7. #7
    Registered User
    Join Date
    Dec 2007
    Location
    Reno, NV
    Posts
    1,963
    I have been very happy with the POR15, though it is a PITA to prep for it. Since it takes a weekend the task is best paired with some really slow barbecue meat smoking!
    Not sure about the other ones mentioned, other than the Kreem, which when I used it was worse than useless!

  8. #8
    Registered User grover1949's Avatar
    Join Date
    Apr 2012
    Location
    Findlay, Ohio
    Posts
    26

    Red-Kote!

    I haven't used Red-Kote for a motorcycle tank, but have used it to seal many outboard motor tanks, including the mid-50's Johnson and Evinrude pressure tanks. I've never had a problem with it; it goes in, stays stuck to the tank and just plain works!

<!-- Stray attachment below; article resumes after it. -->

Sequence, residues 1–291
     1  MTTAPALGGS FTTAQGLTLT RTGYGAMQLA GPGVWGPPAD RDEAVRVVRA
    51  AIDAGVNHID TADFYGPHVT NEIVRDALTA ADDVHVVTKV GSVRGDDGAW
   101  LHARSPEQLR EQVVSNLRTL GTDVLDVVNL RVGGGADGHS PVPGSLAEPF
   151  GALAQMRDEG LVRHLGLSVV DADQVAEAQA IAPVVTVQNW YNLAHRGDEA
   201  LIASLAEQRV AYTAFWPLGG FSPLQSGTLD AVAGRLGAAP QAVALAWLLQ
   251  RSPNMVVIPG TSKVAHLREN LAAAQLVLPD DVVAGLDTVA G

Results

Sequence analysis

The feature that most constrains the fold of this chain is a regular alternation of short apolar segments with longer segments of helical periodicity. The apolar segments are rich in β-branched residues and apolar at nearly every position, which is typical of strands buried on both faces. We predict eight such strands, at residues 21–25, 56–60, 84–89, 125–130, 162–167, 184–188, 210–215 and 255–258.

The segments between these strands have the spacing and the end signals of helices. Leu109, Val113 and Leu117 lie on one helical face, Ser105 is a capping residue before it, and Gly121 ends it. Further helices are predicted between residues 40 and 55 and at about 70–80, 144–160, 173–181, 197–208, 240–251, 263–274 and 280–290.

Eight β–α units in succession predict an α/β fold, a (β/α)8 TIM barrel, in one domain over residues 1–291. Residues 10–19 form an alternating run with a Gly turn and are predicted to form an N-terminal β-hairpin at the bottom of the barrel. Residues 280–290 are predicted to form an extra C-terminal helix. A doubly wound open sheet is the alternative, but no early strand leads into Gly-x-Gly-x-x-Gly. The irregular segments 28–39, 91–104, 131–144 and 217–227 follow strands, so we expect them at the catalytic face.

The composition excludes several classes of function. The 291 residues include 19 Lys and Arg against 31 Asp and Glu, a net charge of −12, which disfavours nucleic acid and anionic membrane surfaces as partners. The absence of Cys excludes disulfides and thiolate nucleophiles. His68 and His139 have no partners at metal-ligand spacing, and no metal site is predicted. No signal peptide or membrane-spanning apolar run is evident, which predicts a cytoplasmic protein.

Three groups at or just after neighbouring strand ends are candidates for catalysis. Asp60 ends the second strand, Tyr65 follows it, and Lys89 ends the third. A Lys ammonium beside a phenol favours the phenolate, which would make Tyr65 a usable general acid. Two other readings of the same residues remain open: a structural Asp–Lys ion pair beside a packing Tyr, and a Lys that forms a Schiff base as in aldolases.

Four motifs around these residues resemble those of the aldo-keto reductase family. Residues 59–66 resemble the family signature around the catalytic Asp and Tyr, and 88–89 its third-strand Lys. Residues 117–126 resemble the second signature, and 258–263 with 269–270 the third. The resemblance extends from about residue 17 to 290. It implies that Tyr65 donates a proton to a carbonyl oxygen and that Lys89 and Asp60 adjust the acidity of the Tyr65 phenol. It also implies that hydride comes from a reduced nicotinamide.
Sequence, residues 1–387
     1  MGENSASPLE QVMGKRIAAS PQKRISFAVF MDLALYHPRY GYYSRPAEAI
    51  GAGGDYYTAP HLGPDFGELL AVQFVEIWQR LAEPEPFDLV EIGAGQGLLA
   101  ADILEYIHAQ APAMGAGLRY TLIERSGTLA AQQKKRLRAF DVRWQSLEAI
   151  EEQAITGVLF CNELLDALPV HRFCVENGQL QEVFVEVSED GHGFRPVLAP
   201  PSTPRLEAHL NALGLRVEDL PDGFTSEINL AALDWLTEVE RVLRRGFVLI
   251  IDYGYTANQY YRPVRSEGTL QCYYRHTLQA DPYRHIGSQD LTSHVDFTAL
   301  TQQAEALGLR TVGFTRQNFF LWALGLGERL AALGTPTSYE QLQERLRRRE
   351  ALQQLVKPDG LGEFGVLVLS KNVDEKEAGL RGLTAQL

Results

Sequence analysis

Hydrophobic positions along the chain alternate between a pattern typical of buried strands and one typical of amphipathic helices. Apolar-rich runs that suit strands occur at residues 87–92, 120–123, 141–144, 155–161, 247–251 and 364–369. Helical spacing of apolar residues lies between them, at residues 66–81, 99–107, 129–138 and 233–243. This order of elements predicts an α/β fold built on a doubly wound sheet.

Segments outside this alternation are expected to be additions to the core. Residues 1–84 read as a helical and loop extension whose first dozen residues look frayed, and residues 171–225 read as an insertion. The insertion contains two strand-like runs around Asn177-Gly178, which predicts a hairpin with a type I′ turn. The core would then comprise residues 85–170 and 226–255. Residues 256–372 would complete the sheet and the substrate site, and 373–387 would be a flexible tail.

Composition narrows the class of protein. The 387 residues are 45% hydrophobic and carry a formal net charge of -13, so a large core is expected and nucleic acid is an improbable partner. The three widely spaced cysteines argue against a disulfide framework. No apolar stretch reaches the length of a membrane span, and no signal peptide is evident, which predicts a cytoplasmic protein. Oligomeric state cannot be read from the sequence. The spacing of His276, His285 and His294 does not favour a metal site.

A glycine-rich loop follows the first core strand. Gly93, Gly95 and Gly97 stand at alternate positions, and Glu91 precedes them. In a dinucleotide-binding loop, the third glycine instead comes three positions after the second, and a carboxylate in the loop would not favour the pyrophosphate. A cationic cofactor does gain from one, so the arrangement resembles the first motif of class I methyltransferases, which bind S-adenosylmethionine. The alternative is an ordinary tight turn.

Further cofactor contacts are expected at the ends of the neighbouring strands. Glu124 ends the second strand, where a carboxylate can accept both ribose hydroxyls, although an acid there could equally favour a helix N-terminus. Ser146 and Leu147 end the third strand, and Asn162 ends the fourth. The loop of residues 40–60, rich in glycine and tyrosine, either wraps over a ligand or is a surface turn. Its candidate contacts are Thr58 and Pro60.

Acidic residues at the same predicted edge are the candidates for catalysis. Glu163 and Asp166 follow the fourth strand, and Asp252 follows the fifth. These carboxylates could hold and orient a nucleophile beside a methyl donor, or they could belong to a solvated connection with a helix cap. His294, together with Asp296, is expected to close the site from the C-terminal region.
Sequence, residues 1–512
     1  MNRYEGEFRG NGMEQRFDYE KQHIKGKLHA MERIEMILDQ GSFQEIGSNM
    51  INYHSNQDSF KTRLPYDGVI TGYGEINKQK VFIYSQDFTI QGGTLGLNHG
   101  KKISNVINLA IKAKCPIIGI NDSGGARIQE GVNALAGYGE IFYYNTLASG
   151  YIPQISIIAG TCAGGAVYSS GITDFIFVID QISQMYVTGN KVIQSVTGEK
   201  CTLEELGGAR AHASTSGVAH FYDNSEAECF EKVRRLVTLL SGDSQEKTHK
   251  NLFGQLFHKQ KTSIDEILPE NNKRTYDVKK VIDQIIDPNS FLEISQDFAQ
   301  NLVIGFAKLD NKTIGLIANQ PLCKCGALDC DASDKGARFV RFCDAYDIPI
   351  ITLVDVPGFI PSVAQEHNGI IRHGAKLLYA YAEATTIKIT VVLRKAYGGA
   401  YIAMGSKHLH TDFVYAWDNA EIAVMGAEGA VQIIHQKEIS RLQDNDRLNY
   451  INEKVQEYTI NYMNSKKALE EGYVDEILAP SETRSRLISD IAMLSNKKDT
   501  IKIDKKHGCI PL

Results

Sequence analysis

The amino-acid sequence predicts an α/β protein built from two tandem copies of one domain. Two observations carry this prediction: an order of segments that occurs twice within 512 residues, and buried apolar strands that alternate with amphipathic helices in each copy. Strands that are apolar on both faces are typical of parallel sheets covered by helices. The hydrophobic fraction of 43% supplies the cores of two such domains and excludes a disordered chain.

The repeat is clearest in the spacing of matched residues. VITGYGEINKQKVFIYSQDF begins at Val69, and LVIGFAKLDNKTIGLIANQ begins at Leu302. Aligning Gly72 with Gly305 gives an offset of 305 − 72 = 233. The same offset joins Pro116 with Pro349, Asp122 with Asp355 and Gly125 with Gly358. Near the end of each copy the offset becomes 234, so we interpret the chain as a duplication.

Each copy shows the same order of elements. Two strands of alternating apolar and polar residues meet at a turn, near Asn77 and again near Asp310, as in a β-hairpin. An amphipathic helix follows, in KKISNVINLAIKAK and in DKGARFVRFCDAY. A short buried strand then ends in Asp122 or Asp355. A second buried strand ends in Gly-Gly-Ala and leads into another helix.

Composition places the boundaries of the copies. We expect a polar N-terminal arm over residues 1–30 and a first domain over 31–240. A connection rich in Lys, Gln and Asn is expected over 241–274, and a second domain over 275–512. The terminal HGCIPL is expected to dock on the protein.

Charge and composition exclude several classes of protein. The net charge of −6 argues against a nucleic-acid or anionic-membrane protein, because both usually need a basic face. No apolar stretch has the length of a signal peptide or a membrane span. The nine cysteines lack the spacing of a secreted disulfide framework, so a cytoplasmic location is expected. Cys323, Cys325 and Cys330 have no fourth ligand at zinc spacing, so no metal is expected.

9. #9
    BMW MOV Club Director ENFOMAN's Avatar
    Join Date
    Jul 2008
    Location
    Albany NY area
    Posts
    317
    Bill Hirsh also sells some really nice stuff and has a M?C specific size.

    http://www.hirschauto.com/

  10. #10
    Luddite Looney wecm31's Avatar
    Join Date
    Jun 2009
    Location
    Eganville, Ontario
    Posts
    348
    Haven't tried the others so I can't offer a comparision...

    ...But that bit of POR-15 liner that I spilled on my work boots (leather) and on the floor
    of my shop (vinyl tile) a few years ago shows no sign of lifting!!! Hate to get it on your
    skin...
    Gerald P
    The last thing I want to be is just like everyone else...
    1985 R80RT
    1969 Sport Fury Convertible

  11. #11
    Registered User
    Join Date
    Sep 2005
    Location
    Eastern KY
    Posts